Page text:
Signs and Symptoms
The most striking feature of Infantile Cortical Hyperostosis is the presence of soft tissue swellings that are deeply placed in relation to the bone involved. Additionally, cortical thickening of the affected bone is also present. These swellings usually start to appear within 90 days of birth although in some cases the condition may present itself as late as two years after birth. The mandible and the clavicle or the collarbones are the ones more frequently affected. The presence of facial swelling is considered pathognomic of the disease but these are not those well-defined in the inherited or familial form of the disease. The ribs, tibia, scapula and the calvarium are the bones affected in the familial form of the disease. The soft tissue swellings are invariably associated with deep muscles and occur most frequently on the neck, face, chest and the lower limbs. Other features associated with Infantile Cortical Hyperostosis are as follows:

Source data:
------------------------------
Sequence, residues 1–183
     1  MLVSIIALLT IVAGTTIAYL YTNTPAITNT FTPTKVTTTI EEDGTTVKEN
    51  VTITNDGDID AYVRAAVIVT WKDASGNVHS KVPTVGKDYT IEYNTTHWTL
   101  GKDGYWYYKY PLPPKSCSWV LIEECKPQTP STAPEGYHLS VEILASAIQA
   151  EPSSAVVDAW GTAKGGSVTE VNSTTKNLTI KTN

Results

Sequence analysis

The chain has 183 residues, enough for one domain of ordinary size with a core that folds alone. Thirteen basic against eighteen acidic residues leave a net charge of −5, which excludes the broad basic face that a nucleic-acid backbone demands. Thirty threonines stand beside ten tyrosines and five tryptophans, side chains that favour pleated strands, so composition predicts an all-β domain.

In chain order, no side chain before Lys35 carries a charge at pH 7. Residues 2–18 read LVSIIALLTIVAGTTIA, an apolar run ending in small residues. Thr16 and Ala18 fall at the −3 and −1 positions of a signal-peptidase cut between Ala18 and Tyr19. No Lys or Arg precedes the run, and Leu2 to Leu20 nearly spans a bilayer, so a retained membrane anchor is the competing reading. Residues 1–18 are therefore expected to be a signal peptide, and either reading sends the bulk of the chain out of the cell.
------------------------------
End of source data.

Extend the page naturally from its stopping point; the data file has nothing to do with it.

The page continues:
When the mandible is involved there are thick swellings at the angle of the bone in what is called the ramus area. This gives a chubby appearance to the infant and is often mistaken for cherubism. It leads to malocclusion, where the teeth are not properly aligned in relation to each other, resulting in a grotesque appearance in early childhood.
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